Perhaps someone can explain to all Americans which dictatorship has ever worked for the people, rather than itself. We have plenty enough examples globally to know the truth of where we are headed, like lambs to the slaughter.

  • Eeyore on November 28, 2011 11:03 AM:

    I know Barney Frank briefly in the 1980's when a co-worker was Barney's partner. Barney is one of the funniest people I've ever met, and he had us all in stitches over dinner one night telling stories about life in DC.

    My three favorite Barney-isms:

    1) The famous YouTube clip where he told a teapartier who compared Obama to Hitler that talking with her was like arguing with a dining room table.

    2) Early in his career, he ran against Cong. Margaret Heckler for Congress. Ms. Heckler was famous for having really, really, REALLY big hair. He told about the time she came for a televised debate: "Congresswoman Heckler's hair entered the studio at 6:03, followed by the Congressomwan at 6:07."

    3) The time he asked another member of Congress "Which one of your three marriages did my relationship with another man harm?"

  • stevio on November 28, 2011 11:08 AM:

    Goodby Barney. The only constant is change. Unfortunately, the change here will probably be bad for progressives like myself. Saying he was the smartest congressman isn't saying much given what his peer group encapsulated. He is, nonetheless a clear thinking human whom oft looked-out for the common man. He will be missed...

  • martin on November 28, 2011 12:03 PM:

    Arrrrrrggggggg.

  • Hieronymus The Troll Braintree on November 28, 2011 12:55 PM:

    Tough loss for our side. Frank was one of the bestus congressmen ever. He was direct in his opinions with a sly,, sarcastic wit that he often used to puncture right-wing bupkis. Gonna miss him big time.

  • cmdicely on November 28, 2011 1:04 PM:

    Redistricting is a weak excuse.

    After 30 years in a job, its not really uncommon for people to be fairly strongly biased toward retirement such that a small change in conditions for the worse is the last straw that convinces them to retire, and does Frank really owe more than he has given?

    More people need to be stepping up rather than looking for heroes.

  • Redpirate on November 28, 2011 1:11 PM:

    What a bummer! I worked on his 1982 campaign which pitted him against Margaret Heckler when MA lost a congressional seat. It was probably my most satisfying experience as a campaign volunteer.

  • Davis X. Machina on November 28, 2011 2:36 PM:

    You people clearly didn't get the memo. Frank was a tool of the banksters and is just cashing out. None of that gay stuff matters. Just windowdressing.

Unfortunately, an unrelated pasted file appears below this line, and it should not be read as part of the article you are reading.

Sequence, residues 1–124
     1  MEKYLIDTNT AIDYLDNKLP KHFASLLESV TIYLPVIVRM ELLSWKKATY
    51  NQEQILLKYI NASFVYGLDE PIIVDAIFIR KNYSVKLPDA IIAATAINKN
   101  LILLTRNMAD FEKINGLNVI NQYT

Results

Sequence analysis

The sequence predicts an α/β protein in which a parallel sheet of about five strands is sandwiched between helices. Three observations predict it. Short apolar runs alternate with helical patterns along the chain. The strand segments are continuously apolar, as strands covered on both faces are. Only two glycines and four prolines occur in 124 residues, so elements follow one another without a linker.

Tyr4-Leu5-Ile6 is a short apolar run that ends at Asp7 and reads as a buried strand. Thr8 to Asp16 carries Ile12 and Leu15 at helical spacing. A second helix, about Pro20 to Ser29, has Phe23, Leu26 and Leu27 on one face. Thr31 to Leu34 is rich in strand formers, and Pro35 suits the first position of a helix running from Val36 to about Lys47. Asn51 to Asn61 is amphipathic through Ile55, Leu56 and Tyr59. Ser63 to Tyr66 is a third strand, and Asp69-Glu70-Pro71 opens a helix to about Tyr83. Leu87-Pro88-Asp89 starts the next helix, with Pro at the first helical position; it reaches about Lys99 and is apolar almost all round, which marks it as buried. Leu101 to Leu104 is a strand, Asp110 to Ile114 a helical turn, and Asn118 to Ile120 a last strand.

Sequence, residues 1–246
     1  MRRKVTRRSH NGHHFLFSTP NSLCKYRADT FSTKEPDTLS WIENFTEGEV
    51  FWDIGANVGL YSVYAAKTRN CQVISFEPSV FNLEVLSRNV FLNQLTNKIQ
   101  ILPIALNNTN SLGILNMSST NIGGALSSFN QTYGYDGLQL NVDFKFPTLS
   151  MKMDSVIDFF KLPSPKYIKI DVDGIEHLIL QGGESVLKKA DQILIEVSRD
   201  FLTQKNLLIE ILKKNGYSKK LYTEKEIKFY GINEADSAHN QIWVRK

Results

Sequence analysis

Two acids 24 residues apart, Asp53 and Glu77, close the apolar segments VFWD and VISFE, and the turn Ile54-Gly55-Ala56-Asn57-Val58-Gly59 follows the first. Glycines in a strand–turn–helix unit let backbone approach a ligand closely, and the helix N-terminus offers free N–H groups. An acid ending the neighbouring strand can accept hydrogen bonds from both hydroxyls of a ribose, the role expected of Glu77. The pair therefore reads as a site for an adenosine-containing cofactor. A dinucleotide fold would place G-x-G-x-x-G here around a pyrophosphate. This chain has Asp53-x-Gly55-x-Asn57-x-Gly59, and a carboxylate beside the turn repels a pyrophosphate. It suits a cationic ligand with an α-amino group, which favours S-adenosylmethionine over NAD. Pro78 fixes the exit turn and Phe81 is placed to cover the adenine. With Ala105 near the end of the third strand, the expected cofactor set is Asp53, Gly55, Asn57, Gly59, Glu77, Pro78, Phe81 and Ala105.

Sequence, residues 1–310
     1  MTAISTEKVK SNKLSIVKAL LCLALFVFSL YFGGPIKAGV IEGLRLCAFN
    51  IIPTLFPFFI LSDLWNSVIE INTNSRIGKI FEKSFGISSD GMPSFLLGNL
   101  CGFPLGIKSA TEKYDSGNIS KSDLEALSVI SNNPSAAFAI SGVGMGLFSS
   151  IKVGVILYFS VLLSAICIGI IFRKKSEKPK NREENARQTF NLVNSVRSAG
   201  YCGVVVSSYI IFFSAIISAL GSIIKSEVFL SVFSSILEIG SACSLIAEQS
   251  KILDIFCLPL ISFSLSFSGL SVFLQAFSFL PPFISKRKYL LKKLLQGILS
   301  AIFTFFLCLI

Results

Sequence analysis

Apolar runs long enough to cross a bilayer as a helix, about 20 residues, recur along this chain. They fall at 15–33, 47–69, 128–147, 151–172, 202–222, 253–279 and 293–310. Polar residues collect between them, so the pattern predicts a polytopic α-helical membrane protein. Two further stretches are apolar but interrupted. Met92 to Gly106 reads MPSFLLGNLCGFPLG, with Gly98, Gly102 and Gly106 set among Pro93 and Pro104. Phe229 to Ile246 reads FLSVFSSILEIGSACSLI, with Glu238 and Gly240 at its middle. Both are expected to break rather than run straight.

Sorry excuse for a Wurlitzer here on the left... playing too many tunes at once.

  • twon on November 29, 2011 4:33 AM:

    Crooks, all of them crooks.... you just believe his lies more than those of the other side.... toodle loo Barney, don't let the door hit ya on the way out!

  • jhm on November 29, 2011 8:09 AM:

    I expect that he's too much of a team player to admit it if true, but I think that in addition to the reasons he gives for this decision, his experience in the last Congress must have weighed heavy.

    After years of banging a drum about the excesses of the banking industry and the dangers inherent in deregulation, after the worst of his warnings seem to come true and Dems win one of the most commanding majorities of recent decades, he gets saddled in the banking committee with a bunch of Rahm dinglebarry democrats who're afraid that anything less than a watered down nothingburger of reform might infringe on their future fundraising and/or employment prospects. He then has to go out and defend this milquetoast reform (which bears his name) with full throated conviction.

    Granted, Dodd and the other Senate dinos might have done the same in the end, but still...

  • james on December 28, 2011 5:39 PM:

    I love how all the Democrats leave posts that are off the cuff and sincere, and then you get a republican in here that tears off another dumb talking point that we have heard a thousand times... it just shows you the difference in todays republicans and the ones from even 25 years ago... they no longer think for themselves. They are told what to say. The 900 right wing talk show hosts repeat day in and day out the same crap and of coarse they're gonna pick up the points, lies and all. They're too lazy to fact check anything.